I tried tha Copic Edition of Sketchbook but without a way to have the marker strokes show up on a textured surface like sketch paper, there is no way to get good results. They have the colors covered and the wetness with the layered strokes but that is all. It has been attempted in Photoshop to some degree and no good attempt in Painter that i am aware of. Indeed, Art Rage does need to dedicated Copic-like marker emulation. It lacks in certain areas of which i can not place at the moment. Rather technical.

Teriodin
12-30-2011, 10:30 AM
I also have now tried the Copic edition of Sketchbook. Quite a poor implementation in some ways as they do not blend like the real Copic markers.

The whole point of Copics is the layering and blending :D

Best I have managed so far (ArtRage) is to use the Copic colourset (on this forum somewhere as a .col file) with the Hard Felt Tip preset and blend it with the Insta-Blur Knife tool, set around 20-30% width.

It's close to the finished look of copics, and the colourless blender in that colour set isn't perfect, but if you're careful it can work. :)

Someonesane
12-30-2011, 05:03 PM
I've been doing some more experimenting with this, as well. I've been watching videos of people working with the markers, and looking at finished images, trying to get a better understanding of how different people work with them. I'm partial to Adam Hughes style, myself. In the end, I'd have to agree with Teriodin, about the Felt Pen being the closet tool to match how the Markers work. I've attached an experiment of mine, where I took a pencil Sketch of Adam Hughes, and colored over it (purely for experimental purposes, since my own sketches wouldn't come close to meeting his, and I wanted to focus fully on the coloring aspect). By using the Felt Pen set to use the settings seen below, they can be used to overlay colors, and smear/blend into each other. The Crayon tool, Softness set high, on a 0% smooth canvas works well for really soft blends, where needed. I used the Ink Pen for the dark outline. For added effect, I used the Paint Roller (pure white color), at high pressure, on a gritty textured canvas, to create the grainy texture effect you see on the image. The layer was set to use an overlay blend, to merge into the colors.

Here's the settings I used for the Felt Pen:

62797

And here the example shots (they can be enlarged some by clicking on them):

62798

62799

Sethren
12-30-2011, 05:33 PM
It's nice but too many tools to use for just what should be done with one. I know it is hard to emulate these markers, however perhaps Ambient Design has something up there sleeves.

Someonesane
12-30-2011, 08:04 PM
I don't think I used any more tools then he (Adam Hughes) would have using traditional methods. I didn't feel like I had to work to make it happen, anyway...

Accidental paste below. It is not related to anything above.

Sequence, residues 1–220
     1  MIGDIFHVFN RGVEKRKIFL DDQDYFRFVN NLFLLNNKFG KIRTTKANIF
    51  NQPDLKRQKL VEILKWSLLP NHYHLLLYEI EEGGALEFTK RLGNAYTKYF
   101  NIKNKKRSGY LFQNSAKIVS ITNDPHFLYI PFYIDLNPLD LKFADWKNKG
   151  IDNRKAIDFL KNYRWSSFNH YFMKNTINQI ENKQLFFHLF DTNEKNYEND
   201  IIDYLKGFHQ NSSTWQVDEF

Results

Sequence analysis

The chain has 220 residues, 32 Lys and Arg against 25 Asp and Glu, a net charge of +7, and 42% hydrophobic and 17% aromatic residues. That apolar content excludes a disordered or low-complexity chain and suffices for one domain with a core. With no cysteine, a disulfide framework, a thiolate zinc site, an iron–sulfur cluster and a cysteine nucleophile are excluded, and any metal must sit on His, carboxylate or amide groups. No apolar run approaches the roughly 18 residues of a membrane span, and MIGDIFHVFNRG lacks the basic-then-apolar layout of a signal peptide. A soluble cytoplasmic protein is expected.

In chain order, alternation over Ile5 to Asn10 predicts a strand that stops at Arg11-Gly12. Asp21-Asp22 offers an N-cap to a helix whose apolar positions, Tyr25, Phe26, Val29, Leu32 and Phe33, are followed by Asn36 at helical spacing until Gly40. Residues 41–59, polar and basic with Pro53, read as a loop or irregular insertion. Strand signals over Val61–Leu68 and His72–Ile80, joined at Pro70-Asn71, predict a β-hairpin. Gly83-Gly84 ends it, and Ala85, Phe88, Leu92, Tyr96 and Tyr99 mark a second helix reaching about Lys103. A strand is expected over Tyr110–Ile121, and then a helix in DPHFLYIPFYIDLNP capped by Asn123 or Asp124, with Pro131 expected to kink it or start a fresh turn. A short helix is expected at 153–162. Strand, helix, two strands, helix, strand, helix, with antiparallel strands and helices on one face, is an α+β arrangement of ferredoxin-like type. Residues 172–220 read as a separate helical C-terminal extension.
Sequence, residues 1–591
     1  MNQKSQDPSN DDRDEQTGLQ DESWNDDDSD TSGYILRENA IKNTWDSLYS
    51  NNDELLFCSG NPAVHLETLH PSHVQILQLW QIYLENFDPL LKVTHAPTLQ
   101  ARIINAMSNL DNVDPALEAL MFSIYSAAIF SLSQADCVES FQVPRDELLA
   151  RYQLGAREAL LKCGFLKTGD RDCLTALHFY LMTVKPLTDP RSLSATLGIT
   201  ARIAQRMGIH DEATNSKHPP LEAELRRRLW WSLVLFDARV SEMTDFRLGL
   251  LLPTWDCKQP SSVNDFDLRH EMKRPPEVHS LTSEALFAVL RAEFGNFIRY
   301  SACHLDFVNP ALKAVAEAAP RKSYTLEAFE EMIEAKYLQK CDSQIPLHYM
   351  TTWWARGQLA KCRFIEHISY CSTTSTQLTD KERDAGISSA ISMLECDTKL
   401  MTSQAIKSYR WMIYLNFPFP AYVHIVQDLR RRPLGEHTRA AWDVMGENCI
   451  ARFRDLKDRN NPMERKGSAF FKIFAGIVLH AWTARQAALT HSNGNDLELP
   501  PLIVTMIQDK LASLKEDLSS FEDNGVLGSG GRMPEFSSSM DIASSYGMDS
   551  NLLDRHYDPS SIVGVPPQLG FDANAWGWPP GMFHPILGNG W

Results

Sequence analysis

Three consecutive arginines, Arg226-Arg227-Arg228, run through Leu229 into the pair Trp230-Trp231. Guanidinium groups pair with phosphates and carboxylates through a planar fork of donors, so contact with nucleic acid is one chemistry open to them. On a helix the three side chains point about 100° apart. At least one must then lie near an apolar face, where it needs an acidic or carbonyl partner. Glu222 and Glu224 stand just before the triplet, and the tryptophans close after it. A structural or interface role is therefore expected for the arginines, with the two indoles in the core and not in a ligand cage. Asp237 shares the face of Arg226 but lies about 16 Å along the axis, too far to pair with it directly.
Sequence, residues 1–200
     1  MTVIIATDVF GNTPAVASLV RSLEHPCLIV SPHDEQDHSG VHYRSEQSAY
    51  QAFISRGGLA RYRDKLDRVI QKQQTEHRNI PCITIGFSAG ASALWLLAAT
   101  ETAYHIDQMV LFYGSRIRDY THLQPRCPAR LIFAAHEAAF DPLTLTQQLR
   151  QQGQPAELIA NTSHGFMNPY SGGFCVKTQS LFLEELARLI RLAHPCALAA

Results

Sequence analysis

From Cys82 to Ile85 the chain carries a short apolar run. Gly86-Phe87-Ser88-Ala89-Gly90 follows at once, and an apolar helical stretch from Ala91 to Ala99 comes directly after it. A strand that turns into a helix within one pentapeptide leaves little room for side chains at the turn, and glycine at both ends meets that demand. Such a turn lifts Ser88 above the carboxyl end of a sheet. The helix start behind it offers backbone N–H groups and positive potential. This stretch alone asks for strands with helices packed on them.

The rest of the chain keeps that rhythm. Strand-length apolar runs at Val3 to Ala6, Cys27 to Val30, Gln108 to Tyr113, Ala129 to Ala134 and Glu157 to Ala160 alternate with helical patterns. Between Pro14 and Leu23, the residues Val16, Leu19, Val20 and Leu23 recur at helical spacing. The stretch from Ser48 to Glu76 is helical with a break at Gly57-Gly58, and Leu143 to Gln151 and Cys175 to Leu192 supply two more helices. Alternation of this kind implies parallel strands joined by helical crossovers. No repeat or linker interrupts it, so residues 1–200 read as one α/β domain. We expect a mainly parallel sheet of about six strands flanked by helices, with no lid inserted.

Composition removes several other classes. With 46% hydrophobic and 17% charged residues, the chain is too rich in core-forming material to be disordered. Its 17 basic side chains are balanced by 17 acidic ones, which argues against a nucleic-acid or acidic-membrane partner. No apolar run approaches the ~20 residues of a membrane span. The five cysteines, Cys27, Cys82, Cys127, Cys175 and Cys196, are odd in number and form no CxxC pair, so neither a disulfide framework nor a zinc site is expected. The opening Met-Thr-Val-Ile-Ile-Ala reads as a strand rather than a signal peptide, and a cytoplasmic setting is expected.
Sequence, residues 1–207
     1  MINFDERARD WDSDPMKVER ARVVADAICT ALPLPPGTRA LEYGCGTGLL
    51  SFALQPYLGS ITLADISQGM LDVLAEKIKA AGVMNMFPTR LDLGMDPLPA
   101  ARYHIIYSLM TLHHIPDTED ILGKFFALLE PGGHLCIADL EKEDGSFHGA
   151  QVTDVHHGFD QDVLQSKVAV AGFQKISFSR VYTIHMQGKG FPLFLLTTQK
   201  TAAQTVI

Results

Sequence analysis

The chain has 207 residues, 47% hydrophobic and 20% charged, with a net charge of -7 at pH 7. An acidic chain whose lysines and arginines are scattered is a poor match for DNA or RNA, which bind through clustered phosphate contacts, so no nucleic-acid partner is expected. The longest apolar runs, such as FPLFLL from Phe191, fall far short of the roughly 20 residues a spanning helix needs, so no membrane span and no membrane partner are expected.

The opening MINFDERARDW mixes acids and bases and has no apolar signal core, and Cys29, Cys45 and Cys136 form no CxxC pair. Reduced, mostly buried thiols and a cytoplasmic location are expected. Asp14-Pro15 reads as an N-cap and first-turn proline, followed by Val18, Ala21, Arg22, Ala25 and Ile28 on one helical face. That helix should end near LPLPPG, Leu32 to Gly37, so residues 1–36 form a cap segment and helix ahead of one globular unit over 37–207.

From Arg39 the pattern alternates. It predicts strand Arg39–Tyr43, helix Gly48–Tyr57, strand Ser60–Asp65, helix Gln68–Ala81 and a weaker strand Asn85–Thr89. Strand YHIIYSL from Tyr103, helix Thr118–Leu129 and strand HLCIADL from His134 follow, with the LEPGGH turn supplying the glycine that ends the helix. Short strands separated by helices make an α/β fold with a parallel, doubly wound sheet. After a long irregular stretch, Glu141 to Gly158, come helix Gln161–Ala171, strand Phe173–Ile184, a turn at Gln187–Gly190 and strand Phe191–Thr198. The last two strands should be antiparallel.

I believe it's easy to get used to thinking of tools as single, do it all, objects, in digital art. The Felt Pen. The Oil Brush. The Chalk tool. Users get caught up believing that the single tool, with all of its setting options, should provide everything needed for a particular style. In traditional media, artists rarely make use of only a single tool. I'm sure that isn't news to anyone here, though I feel it's easy to forget, when everything is so readily available in digital programs. With traditional oil paints, a number of different brush types, and sizes, palette knives, sponges, rags, paints, thinners, etc... are all used during the process of making a single painting. With Chalk/Conté, fingers and rags are used to smear/rub in the color, while kneaded erasers are used to lift color away, and white erasers can be used to define sharp edges. The sides of certain pieces of chalk are chosen specifically to gain a better edge for a single line. From what I've see done with the Copics, by Adam Hughes, it's just the same.

He, Mr. Hughes, uses a range of similar colors, which are used for color variance, to blend. He lays down a base color, goes over it with a color that's a step darker in value, so on, and so forth, until he's happy with the result. For every hue added to the image, there is a range of the same hues, at different values, needed for adding depth to them. He'll then use an inking pen to add his outlines, and in some cases, white pencils to do additional highlighting. Here's a video of his (http://www.youtube.com/watch?v=ChuZZR_fqQ4) on youtube, where he explains some of his techniques in drawing an eye. It's a monochromatic image, yet he still uses a few different copic pens to pull it off.

For me, switching to the Crayon tool for blending is just the same as switching marker values. I used the Ink Pen for the outline, because I'm accustomed to using it for line work, and have a preset already created for it. I could've just changed the Felt Pen settings around to work similarly, but why bother when the other tool was set for the job? The Roller part takes a single stroke of the tool, at the very end of the image. It might not even be necessary, depending on personal tastes.

This isn't to say the AR team has no reason to try and improve upon the tool sets, or perhaps create a specific one for the subject matter. It's just my thought process on the differences between digital and traditional.